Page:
The other question is whether $6,600 was too high a photography fee for an international conference where McKenna was onsite for seven or eight days, working overtime hours to chair one of the working groups appointed by UN Secretary General Ban Ki-Moon to shepherd the Paris Agreement across the finish line.
I’m not sure whether my past career gives me a window on how to pay photographers, a terminal bias about it, or both. But in the quarter-century or so that my firm specialized in conference publishing, we produced dozens of onsite newsletters that depended on smart, creative photography to help deliver breaking news to hundreds or thousands of delegates.
Over the years, I came to appreciate a quote I first picked up at a retail counter many years ago: “You can pay the going rate for top-quality oats. Or you can get a really good deal after they’ve been through the horse.”
The devaluation of photography, and paying a decent rate
Through that lens (so to speak), $6,600 for photography to document multiple eight- to 12-hour days at the Paris conference struck me as a fantastic deal for Environment and Climate Change Canada, something of a concession on the part of the photographer. And when I asked three of our favourite former freelancers in Ottawa, Vancouver, and Toronto for an update on their rates, I realized just how badly a nickels-and-dimes attitude is driving the decline of professional services that the country’s media—including, ironically, the publications that piled on to this story most eagerly—depend on.
“I was following that ridiculous news coverage on the Paris photography quite closely,” said one of them. “I found the whole story hard to believe,” given standard rates of $125.00 per hour for digital photography, $150 to $250 for processing, and $150 to $300 for copyright.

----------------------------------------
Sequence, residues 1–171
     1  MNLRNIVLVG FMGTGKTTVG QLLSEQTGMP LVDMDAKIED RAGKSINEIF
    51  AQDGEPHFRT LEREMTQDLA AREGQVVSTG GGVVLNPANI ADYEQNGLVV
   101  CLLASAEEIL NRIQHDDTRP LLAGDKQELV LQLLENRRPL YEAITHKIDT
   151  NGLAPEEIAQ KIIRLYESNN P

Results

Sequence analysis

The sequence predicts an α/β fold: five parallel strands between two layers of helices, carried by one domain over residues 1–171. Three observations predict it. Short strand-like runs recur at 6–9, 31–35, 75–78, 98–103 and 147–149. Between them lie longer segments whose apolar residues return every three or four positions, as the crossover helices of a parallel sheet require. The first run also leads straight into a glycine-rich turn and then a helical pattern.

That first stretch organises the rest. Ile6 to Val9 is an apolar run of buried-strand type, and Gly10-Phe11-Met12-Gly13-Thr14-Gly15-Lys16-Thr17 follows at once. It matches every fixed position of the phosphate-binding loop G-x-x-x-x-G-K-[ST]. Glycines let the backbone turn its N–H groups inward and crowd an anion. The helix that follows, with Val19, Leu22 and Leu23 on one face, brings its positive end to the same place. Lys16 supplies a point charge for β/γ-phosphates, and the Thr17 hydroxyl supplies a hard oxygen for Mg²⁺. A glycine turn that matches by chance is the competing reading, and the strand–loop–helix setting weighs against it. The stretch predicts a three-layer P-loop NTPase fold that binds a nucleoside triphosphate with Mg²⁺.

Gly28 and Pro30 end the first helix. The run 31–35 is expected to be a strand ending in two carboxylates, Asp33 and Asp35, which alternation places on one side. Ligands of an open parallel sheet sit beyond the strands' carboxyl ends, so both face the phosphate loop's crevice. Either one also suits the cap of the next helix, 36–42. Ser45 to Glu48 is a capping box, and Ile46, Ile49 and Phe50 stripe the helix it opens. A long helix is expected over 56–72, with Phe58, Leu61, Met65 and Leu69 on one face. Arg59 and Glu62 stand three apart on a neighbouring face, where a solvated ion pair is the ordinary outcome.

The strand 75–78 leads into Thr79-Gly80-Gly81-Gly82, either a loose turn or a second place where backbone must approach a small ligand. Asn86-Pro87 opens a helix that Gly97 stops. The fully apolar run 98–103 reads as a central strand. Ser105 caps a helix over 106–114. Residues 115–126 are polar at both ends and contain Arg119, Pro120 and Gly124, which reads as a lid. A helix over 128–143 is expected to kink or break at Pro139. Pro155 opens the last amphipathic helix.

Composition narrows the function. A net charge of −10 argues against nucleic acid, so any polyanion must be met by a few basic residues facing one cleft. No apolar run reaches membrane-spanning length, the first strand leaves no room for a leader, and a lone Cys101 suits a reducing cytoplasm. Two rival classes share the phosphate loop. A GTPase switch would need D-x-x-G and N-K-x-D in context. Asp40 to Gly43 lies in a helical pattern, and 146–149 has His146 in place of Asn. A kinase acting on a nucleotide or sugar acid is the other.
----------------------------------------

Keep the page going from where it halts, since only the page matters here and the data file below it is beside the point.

“If they were hired through a news agency, and the photographers subbed out as contractors, you can add between 25 and 35 per cent to the overall cost.”
“Our industry has fallen out of step so fast regarding pricing guidelines,” said a brilliantly effective freelancer with decades of experience, who hasn’t seen a rate increase since the late 1990s. “Professional photographers are in fear of not getting enough work, so they’ve chosen to decrease their prices overall, 30 per cent less now for government assignments.”
The gap between hours and pay is worst with conferences. “As we know, shooting conferences and conventions requires a huge amount of work, not only being behind the lens, but in front of the laptop downloading, post-processing, sending, ftp’ing a large number of images,” the freelancer noted.
“Eight hours inevitably turns into 10 turns into 12, especially with evening events to document.”
The general consensus: A fee of $1,000 with processing for an eight-hour day, $1,800 for 12, is standard—even in a fiercely competitive market.
The federal communications executive I spoke to had a different solution in mind: simply train ministerial staff to capture images of events when they’re already onsite. “Get a clue about how to use the phone in your pocket, because they take great photos,” he advised.
But the Globe came back indirectly with a powerful answer to that option, extolling the ability of professional photographers to capture enduring, sometimes historic images—like the iconic photo of a Black Lives Matter protester courageously and peacefully standing her ground against armed and armoured law enforcement.
The Globe was arguing for the essential role of independent photojournalists in capturing edgy, controversial stories that no minister’s office of any political stripe would ever publish. (Now, if only papers like the Globe would keep them reliably on staff. At least, unlike the Chicago Tribune, it didn't lay off all its photographers in one fell swoop) But one step down that chain, there are moments when a trained, experienced photographer can cover ground that amateurs can’t. (And I say that as a photographic amateur.)
And one editor I spoke with agreed. "The importance of photography can't be overstated,” she said. “A grainy, dark, red-eye photo on somebody's Blackberry or outdated clamshell phone turns news into an unpublishable, non-shareable story if no one in the room got a good photo."
The debate over McKenna’s photo budget missed the reality that Paris was one of those moments, and the procurement officer who negotiated the contract did a pretty good job of it.
Mitchell Beer is President of Smarter Shift Inc. and curator of The Energy Mix.